A fresh addition to an enjoyable series.

Pub Date: N/A


Page Count: -

Publisher: Dog Ear Publisher

Review Posted Online: Aug. 26, 2015

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Dark and unsettling, this novel’s end arrives abruptly even as readers are still moving at a breakneck speed.


Ten years after her teenage daughter went missing, a mother begins a new relationship only to discover she can't truly move on until she answers lingering questions about the past.

Laurel Mack’s life stopped in many ways the day her 15-year-old daughter, Ellie, left the house to study at the library and never returned. She drifted away from her other two children, Hanna and Jake, and eventually she and her husband, Paul, divorced. Ten years later, Ellie’s remains and her backpack are found, though the police are unable to determine the reasons for her disappearance and death. After Ellie’s funeral, Laurel begins a relationship with Floyd, a man she meets in a cafe. She's disarmed by Floyd’s charm, but when she meets his young daughter, Poppy, Laurel is startled by her resemblance to Ellie. As the novel progresses, Laurel becomes increasingly determined to learn what happened to Ellie, especially after discovering an odd connection between Poppy’s mother and her daughter even as her relationship with Floyd is becoming more serious. Jewell’s (I Found You, 2017, etc.) latest thriller moves at a brisk pace even as she plays with narrative structure: The book is split into three sections, including a first one which alternates chapters between the time of Ellie’s disappearance and the present and a second section that begins as Laurel and Floyd meet. Both of these sections primarily focus on Laurel. In the third section, Jewell alternates narrators and moments in time: The narrator switches to alternating first-person points of view (told by Poppy’s mother and Floyd) interspersed with third-person narration of Ellie’s experiences and Laurel’s discoveries in the present. All of these devices serve to build palpable tension, but the structure also contributes to how deeply disturbing the story becomes. At times, the characters and the emotional core of the events are almost obscured by such quick maneuvering through the weighty plot.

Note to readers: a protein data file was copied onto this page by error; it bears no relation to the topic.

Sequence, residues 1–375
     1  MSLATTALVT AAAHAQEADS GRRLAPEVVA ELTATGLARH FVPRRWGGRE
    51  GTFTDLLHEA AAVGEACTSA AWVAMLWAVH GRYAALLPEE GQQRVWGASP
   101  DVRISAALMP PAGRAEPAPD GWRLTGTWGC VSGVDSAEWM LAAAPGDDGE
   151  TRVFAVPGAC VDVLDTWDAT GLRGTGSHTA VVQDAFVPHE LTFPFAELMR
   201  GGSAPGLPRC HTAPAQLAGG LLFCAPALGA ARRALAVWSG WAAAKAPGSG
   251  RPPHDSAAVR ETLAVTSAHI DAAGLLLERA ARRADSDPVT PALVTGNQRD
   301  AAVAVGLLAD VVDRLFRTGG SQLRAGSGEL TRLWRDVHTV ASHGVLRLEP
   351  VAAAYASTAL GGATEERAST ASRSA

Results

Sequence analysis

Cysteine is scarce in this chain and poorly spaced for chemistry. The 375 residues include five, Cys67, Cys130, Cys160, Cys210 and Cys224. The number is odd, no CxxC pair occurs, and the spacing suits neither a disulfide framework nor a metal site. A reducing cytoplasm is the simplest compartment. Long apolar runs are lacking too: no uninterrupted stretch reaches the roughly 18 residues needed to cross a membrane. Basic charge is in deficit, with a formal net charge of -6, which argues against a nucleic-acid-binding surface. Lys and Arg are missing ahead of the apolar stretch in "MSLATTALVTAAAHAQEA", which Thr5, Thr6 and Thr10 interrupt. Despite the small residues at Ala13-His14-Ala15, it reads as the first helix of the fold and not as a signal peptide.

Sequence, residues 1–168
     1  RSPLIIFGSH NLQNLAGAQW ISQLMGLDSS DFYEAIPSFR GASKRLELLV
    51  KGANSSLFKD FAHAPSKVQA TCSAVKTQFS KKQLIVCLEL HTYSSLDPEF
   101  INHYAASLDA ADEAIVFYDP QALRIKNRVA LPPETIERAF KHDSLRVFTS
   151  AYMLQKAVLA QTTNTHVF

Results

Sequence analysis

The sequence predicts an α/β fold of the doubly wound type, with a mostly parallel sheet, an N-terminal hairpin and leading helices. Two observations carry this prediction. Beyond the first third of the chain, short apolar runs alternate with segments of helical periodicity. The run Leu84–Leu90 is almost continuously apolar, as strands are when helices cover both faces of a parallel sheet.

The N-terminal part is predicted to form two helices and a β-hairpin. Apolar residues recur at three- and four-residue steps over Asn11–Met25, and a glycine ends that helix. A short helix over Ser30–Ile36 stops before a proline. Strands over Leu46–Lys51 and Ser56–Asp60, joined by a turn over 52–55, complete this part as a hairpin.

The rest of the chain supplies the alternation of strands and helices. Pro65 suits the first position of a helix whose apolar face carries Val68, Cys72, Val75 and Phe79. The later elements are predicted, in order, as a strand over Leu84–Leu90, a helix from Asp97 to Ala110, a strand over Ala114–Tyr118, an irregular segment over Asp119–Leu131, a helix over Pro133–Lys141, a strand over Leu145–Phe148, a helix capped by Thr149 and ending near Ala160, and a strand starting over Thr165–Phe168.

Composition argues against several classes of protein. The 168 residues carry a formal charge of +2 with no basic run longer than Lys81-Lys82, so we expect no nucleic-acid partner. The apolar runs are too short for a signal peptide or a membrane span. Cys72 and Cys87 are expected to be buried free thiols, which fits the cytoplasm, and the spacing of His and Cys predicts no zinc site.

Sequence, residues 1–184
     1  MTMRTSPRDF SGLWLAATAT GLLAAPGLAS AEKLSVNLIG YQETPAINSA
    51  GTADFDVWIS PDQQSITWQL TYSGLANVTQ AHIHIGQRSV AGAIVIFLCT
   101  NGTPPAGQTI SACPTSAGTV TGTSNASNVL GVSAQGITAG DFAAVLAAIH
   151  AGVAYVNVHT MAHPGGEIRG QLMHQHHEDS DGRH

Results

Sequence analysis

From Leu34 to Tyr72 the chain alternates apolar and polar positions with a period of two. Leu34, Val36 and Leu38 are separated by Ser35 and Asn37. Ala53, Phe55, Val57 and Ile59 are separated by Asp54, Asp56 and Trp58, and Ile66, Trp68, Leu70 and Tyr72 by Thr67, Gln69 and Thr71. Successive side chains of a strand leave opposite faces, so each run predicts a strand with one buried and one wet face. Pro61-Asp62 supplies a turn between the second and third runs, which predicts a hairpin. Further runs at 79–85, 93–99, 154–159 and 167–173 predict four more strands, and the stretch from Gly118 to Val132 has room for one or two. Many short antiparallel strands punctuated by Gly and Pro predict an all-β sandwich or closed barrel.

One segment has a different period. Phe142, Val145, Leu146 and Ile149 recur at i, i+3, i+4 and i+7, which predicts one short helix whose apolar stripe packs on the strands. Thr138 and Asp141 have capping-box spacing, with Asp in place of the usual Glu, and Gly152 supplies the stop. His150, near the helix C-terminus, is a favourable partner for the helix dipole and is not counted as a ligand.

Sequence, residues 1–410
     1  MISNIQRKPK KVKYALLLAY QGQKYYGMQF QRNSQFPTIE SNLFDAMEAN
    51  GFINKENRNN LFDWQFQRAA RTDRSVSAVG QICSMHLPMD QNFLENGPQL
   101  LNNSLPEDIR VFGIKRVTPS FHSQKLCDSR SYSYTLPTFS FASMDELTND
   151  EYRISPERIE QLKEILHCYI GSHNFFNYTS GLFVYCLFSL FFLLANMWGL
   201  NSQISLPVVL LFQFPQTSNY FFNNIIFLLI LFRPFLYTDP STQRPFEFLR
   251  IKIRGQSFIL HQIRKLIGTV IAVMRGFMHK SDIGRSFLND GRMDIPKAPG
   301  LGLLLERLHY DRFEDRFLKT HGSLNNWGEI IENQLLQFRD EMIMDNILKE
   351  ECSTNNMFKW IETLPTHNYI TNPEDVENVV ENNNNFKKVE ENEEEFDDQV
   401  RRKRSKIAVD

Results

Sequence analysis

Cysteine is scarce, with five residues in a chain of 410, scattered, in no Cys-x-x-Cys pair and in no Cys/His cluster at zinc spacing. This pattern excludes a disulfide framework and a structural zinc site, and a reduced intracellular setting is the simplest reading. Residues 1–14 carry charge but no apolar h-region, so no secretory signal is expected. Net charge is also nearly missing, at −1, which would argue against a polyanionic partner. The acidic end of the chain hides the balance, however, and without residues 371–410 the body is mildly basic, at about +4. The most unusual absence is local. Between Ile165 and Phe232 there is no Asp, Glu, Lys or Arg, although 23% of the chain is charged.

Dark and unsettling, this novel’s end arrives abruptly even as readers are still moving at a breakneck speed.

Pub Date: April 24, 2018

ISBN: 978-1-5011-5464-5

Page Count: 368

Publisher: Atria

Review Posted Online: Feb. 6, 2018